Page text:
1. Eligibility begins at 65
You’re entitled to Medicare coverage beginning at age 65. You can enroll in Medicare Part A, which covers hospital care, for free if you or your spouse worked and paid Medicare taxes on your income for at least 10 years.
2. There are penalties for signing up late
Your initial Medicare enrollment window spans seven months, beginning three months before the month of your 65th birthday and ending three months after that month. If you don’t enroll during that time and go too long without coverage, you’ll risk lifelong surcharges on your monthly premiums for Medicare Part B, which covers outpatient services and diagnostics. Specifically, you’ll be charged an extra 10% for each 12-month period you fail to sign up upon being eligible.
3. Higher earners pay more for Part B
The standard Medicare Part B premium changes from year to year, and currently, it’s $144.60 per month. But if your income exceeds a certain threshold, you’ll be subject to what are known as income-related monthly adjustment amounts (IRMAAs), and that’s an expense you’ll need to plan for accordingly. For the current year, you’ll face IRMAA surcharges with earnings above $87,000 as a single tax filer, or $174,000 as a married couple filing jointly.
4. You can have original Medicare or Medicare Advantage — but not both
Original Medicare consists of Parts A and B, as well as Part D, which covers prescription medications. As an alternative, you can sign up for a Medicare Advantage plan. Advantage plans are administered by private insurers and are required to offer at least the same level of coverage as original Medicare. Often, they offer a wider scope of coverage, though. For example, original Medicare won’t pay for dental care or eye exams, but many Advantage plans will. But whereas original Medicare gives you access to medical professionals nationwide, Advantage limits you to a specific network, which some seniors find too restrictive.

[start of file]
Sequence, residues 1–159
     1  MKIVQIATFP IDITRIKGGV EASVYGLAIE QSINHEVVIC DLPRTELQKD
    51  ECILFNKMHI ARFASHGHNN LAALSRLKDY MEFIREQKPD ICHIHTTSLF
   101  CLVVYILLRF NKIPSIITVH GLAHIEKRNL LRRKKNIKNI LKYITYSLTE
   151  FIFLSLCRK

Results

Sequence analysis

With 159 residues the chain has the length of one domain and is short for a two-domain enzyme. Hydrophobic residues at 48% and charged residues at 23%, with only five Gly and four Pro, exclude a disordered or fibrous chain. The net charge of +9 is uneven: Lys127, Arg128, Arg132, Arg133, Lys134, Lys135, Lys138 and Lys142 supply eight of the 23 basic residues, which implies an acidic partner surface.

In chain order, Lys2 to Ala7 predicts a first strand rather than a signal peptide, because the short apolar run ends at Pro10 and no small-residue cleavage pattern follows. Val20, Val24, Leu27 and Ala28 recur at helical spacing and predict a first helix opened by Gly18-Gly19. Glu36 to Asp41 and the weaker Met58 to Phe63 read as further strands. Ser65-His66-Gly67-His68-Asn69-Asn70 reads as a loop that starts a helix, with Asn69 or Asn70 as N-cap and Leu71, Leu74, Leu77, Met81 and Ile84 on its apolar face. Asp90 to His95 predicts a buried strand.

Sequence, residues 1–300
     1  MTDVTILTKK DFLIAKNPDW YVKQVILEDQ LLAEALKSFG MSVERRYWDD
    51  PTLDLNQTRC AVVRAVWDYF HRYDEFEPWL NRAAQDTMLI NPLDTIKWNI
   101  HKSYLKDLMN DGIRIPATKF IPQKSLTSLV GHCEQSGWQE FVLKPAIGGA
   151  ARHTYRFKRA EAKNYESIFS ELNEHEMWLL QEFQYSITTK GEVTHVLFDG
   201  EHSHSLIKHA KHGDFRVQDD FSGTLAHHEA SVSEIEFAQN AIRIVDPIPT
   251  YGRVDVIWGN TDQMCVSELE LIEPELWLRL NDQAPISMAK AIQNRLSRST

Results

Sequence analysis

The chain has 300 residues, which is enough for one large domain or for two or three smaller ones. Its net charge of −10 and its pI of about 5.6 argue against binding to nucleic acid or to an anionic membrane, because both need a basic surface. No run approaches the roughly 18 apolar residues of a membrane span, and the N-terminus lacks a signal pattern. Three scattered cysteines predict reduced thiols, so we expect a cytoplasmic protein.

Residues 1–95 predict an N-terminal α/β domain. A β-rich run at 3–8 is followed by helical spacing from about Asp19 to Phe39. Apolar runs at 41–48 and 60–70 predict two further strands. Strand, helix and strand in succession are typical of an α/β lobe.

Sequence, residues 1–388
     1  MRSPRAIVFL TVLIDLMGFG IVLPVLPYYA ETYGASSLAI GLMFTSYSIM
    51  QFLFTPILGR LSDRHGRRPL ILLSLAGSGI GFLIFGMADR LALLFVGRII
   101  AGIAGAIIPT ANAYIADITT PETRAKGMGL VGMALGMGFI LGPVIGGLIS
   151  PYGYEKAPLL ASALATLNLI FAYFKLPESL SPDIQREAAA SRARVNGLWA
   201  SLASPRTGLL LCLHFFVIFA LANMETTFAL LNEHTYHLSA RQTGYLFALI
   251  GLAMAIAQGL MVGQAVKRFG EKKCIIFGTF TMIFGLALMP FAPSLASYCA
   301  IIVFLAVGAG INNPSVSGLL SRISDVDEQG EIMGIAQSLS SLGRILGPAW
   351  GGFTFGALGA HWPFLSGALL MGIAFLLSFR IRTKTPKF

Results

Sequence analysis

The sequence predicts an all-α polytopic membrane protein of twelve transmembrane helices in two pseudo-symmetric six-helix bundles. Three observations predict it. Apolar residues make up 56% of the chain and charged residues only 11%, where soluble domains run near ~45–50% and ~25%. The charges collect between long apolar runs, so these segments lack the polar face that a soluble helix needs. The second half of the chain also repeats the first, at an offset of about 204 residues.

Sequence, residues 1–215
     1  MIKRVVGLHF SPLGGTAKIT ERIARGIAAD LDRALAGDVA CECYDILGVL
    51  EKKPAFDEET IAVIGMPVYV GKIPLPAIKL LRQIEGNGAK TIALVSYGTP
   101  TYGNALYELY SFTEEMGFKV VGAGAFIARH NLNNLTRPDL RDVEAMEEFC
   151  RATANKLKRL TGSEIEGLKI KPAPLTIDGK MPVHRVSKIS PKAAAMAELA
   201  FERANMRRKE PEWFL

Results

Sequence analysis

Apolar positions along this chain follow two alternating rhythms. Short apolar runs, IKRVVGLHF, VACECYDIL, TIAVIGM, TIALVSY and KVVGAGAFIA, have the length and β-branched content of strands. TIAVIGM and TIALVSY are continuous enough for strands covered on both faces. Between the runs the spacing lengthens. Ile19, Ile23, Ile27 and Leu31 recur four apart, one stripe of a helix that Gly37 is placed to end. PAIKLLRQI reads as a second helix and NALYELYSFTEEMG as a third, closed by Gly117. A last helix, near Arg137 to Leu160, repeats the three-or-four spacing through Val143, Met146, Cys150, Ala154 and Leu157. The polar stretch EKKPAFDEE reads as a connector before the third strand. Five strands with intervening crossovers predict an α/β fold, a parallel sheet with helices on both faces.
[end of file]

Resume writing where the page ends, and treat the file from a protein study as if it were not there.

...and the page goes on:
5. You can have Medicare plus private insurance
If you’re still working at age 65 and have access to a group health plan through your employer, or have access to a spouse’s plan, you can retain that coverage but also enroll in Medicare simultaneously. If your employer has 20 or more employees, Medicare will serve as your secondary insurance, and since Part A is free, it could pay to enroll for backup hospital coverage alone.
6. Medicare and health savings accounts don’t mix
Health savings accounts, or HSAs, offer a great opportunity to enjoy tax benefits in the course of socking away funds for healthcare expenses. But once you enroll in Medicare, you’ll no longer be able to contribute money to an HSA, which is why some people who are still eligible for employer health coverage at 65 opt to delay their Medicare enrollment, even though Part A is free and can serve as backup insurance.
7. You can enroll in Medicare before Social Security
As stated earlier, Medicare eligibility begins at 65, and while you’re allowed to sign up for Social Security as early as age 62, you’re not entitled to your full monthly benefit based on your earnings history until you reach full retirement age. That age is either 66, 67, or 66 and a specific number of months, depending on the year you were born. As such, you’re absolutely allowed to sign up for Medicare only at 65, and wait to sign up for Social Security. On the other hand, if you start collecting Social Security before the age of 65, you’ll be automatically enrolled in Medicare when your 65th birthday arrives.
Educating yourself on Medicare is an important step on the road to maintaining good health. Study these rules so you understand the ins and outs of this important program.
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